Ok, I am probably not that bad, but sometimes I feel that way. I’ve run games that were terribly boring, extremely formulaic, and I made every mistake at least twice. I remember game sessions were I actively tried to piss off my players, there were times I railroaded adventures that hard you could almost smell the smoke from a steam engine. I have been a bad game master many, many times.
In some cases I was bad because of lack of experience, but more often because of fear: the fear of getting the rules wrong, the fear of being boring, the fear of not entertaining my players, the fear of making a fool of myself. In my case fear either leaves me so paralyzed that I can’t even bear the idea to actually run a game, or it leads me to drop all of my good ideas and replace it with formulaic crap. I have asked players for dice rolls just in order to stall time. At times I was terrible.
Of course I also had brilliant games with NPCs my players remember to this day, where everyone was in the “flow”, where rolling the dice became less important, where everyone was fully immersed and the excitement was palpable. But over the years I feel things haven’t improved but rather got worse. I am probably too hard on myself. My friends keep asking me to run games for them. So it can’t be all bad. But as a GM I feel I could do better, and I am definitely suffering from serious burn-out.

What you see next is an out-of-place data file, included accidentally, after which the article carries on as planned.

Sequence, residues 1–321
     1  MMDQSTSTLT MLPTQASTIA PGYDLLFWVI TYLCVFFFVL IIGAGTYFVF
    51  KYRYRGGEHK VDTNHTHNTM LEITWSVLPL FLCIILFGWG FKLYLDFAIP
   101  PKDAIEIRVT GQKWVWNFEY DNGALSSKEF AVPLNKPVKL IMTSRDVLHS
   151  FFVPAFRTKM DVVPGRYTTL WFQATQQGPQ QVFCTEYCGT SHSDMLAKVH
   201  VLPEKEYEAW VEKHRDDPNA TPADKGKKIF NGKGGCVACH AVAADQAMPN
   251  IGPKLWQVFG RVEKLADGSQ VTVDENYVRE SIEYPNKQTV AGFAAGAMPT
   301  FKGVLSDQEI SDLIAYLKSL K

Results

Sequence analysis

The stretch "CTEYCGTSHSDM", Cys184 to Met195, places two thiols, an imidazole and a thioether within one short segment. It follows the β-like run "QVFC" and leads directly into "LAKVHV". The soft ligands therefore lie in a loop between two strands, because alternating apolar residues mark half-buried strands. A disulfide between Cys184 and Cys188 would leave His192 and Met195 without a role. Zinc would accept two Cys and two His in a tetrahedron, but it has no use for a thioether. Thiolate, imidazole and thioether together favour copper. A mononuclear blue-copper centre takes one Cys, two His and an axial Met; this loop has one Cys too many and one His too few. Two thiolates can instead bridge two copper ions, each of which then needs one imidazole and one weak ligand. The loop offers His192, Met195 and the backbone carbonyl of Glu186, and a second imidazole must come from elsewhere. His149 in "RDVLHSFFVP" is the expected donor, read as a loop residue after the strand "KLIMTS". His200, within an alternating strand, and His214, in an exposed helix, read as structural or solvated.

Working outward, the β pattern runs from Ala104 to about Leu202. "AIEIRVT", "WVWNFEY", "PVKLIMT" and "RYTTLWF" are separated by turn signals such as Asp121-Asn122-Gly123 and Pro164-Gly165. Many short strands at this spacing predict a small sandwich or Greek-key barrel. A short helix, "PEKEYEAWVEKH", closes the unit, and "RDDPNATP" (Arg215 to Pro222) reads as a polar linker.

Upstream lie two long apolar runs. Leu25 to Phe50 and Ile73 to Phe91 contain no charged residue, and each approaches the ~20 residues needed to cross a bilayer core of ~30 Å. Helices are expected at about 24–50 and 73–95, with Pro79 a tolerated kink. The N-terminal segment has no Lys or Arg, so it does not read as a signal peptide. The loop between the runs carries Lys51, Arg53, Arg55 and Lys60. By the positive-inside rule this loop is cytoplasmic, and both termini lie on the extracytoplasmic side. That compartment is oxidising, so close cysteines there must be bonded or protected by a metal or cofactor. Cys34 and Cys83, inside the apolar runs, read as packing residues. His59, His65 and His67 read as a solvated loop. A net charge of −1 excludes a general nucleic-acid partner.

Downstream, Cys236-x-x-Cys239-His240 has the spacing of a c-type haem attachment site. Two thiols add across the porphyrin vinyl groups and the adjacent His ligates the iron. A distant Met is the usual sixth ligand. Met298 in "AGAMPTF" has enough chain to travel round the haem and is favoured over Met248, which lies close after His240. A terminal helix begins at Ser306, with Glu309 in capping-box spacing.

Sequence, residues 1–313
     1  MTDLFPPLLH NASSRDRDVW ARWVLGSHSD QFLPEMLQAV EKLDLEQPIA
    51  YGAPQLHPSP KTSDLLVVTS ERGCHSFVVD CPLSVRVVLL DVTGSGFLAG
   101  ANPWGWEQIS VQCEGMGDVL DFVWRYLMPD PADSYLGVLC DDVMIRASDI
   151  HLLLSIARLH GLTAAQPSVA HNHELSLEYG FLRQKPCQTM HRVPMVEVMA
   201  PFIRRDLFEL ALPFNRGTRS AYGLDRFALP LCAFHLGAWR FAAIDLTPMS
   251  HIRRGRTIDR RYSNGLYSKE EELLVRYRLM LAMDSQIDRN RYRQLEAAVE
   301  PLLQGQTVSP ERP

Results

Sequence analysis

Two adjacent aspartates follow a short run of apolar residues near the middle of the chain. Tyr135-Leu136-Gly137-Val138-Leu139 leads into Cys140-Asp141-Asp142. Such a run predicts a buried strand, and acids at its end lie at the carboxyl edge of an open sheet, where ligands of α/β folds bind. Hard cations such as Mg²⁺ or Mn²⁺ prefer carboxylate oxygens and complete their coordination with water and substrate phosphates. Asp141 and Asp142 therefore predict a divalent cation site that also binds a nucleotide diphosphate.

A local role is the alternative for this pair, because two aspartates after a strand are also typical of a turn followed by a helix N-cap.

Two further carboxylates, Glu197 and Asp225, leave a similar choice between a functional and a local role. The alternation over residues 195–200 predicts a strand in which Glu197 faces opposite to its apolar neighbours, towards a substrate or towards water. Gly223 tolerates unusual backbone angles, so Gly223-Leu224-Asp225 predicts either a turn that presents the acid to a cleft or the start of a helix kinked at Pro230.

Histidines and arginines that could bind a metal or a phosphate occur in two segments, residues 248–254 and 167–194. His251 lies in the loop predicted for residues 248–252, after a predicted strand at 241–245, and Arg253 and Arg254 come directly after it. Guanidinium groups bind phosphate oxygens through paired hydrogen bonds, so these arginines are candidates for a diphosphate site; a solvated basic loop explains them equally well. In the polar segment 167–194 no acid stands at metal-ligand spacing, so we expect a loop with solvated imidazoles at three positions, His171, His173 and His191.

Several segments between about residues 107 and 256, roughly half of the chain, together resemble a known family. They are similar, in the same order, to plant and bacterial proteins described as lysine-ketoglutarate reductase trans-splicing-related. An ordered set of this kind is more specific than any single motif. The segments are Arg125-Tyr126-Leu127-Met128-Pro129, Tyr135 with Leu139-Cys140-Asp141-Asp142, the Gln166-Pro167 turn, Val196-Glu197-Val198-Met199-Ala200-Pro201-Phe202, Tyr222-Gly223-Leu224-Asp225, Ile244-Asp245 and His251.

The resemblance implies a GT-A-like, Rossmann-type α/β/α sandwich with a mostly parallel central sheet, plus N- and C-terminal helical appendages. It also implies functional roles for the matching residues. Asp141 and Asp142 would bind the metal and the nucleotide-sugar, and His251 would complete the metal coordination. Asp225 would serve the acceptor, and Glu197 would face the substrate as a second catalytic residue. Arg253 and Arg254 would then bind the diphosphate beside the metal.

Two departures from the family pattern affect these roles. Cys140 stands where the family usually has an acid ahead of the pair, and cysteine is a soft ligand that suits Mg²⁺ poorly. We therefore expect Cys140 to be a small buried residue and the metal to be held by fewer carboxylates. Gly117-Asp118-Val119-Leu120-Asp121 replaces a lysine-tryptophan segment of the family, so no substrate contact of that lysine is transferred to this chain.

In order to change things around I first need to find out what I really want. I want games where my players have more freedom, where drama is more important than combat, where it’s not about rolling the dice all the time. I want players to be fully immersed in the game. A game, where their decisions really matter, where there are dire consequences. I want a roleplaying experience that doesn’t feel like you just played another computer games but with pen & paper.
The game that recently came pretty close to that ideal is the Mutant Year Zero campaign my friend Matthias runs. In this game I had some extremely intense experiences and there were a couple of totally epic situations. And not because someone rolled high in a combat roll, but because of player-NPC interactions. I still remember the talk my character had with his arch-enemy in the middle of the night because said enemy thought my character was the closest she had to a friend. She asked for advice and it was a real struggle between taking advantage of this situation or to be the friend she needed in the situation right now. I am pretty sure I was literally shaking and my heart pounded in my chest. It was awesome.
I also enjoy the discussions we have around the game table about which direction our Ark (the place where the Mutants in MY0 live) should take. Which projects to tackle next, which alliance to form, which fights to begin – or to end. And we’re not always on the same page. Usually in-game conflicts are avoided, but in MY0 it’s what helps to drive the story. The game’s sandbox structure definitely helps to support player freedom. It’s lethality and the fact that the mutants are slowly dying out if they don’t find a way to treat their infertility puts constant pressure on the player characters. The game also has a mechanic to generate random threats for the Ark. The result is drama galore. It’s a wholly different experience to – let’s say – adventurers stomping through a dungeon, killing monsters and taking their stuff.